The Observer is a Student-run, daily print & online newspaper serving Notre Dame & Saint Mary's. Learn more about us.



Injury hampers Wood, who eyes fifth year

Greg Hadley | Wednesday, November 20, 2013


For most of the Irish, the 2012 season was the highlight of their careers. For senior cornerback Lo Wood, it was one of frustration and disappointment after he suffered a season-ending Achilles injury in the preseason.

Initially projected to be a starter for the squad, Wood spent the next six months in rehab and watched from the sidelines as his teammates went undefeated in the regular season. 

“The hardest part [of being injured] of being out last year was watching my teammates play,” Wood said. “I went to the games and I don’t want anyone to feel bad for me, but not being able to play was hard for me.”

Forced off the field, Wood learned to appreciate the time he spent in the locker room.

“Those are my favorite moments at Notre Dame,” Wood said. “Just being in the locker room with my teammates, talking, having fun, listening to music, dancing around, playing baseball, just hanging out.”

Among those teammates, Wood said he is closest with two fellow seniors, receiver TJ Jones and cornerback Bennett Jackson. The three live off-campus together and Wood said both Jones and Jackson helped him as he recovered from his injury.

“Since day one, we’ve hung out together,” Wood said. “We’re always around each other, having fun, hanging out. It’s great to be able to get back on the field with them.”

The road to recovery has not been an easy or a quick one for Wood, who ruptured his Achilles tendon while backpedaling during a routine preseason drill.

“The first three or four months, I was on crutches, so there wasn’t much I could do to rehab,” Wood said. “After that, I did a whole bunch of stuff to get the strength in my calf back. After six months I was able to jog, which really put me on edge, trying to get to the toughness where I wasn’t worried about my leg or getting hurt again.”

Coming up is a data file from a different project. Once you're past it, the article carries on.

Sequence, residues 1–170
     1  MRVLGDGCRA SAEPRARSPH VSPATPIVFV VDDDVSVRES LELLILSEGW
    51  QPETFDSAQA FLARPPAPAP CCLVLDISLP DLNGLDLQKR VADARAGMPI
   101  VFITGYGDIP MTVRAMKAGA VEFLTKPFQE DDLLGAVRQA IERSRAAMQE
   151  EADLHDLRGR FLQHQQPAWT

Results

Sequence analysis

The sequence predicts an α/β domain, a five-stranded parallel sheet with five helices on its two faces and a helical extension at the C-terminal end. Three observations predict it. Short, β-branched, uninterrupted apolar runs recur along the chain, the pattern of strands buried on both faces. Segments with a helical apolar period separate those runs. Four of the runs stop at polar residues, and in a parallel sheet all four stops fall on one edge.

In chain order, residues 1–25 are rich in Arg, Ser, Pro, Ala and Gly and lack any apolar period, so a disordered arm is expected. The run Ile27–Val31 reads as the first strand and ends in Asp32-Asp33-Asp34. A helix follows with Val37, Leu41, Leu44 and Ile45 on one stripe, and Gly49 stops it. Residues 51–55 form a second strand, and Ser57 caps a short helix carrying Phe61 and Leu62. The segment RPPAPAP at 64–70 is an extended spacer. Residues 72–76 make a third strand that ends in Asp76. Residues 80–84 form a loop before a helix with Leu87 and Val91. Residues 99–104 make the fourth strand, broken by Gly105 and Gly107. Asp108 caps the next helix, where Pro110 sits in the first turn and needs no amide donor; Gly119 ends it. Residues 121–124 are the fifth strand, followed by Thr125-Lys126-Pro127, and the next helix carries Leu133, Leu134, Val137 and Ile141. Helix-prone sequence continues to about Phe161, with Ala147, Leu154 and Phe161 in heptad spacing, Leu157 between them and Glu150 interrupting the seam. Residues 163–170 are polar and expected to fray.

Now, over a year later, Wood said he feels he is fully recovered.

“After all the rehab and the training, I think it was just about getting back out there,” Wood said. “I can run. I can jump. I can do anything the coaches need me to.”

Wood has returned with a vengeance. Although he does not start, the 5-foot-10, 194-pounder has played in all but two games this season and has already recorded career-highs in tackles and tackles for loss. But his biggest impact has been on special teams, where Wood acts as a leader for the younger players.

“Guys that are younger always come to me for advice about special teams,” Wood said. “Guys like [freshman receiver] James Onwualu and [sophomore safety] John Turner will come and ask about something specific on special teams or their playing situation. I just try to tell them, ‘Your time will come. You just have to keep pushing yourself. Special teams is what gets you on the field.'”

Wood said his favorite on-field memory was also his biggest play in a Notre Dame uniform. Facing Maryland at FedEx Field in Landover, Md., for the 2011 Shamrock Series, Wood intercepted a pass from Terrapins quarterback Danny O’Brien and returned it 57 yards for a touchdown to put the Irish up 38-7, sealing the victory.

“I’ll never forget that feeling,” Wood said. “Everyone brings it up and I love to talk about it. There are no words to describe what it’s like scoring a touchdown. It’s just an amazing feeling. When I got in the end zone, I didn’t even know what to do. I just put my hands up in the air and had a great time with it.”

Because of his injury, Wood still has another year of eligibility and hopes to be back next season. With the imminent departure of Jackson, who starts at one of the two cornerback spots, Wood would be the oldest player in the cornerback corps if he returns. 

After that, Wood said he hopes to be involved in sports broadcasting once he has graduated.

“I’m interested in the television industry,” Wood said. “I have to do my best to make it somewhere in the real world.”

Contact Greg Hadley at ghadley@nd.edu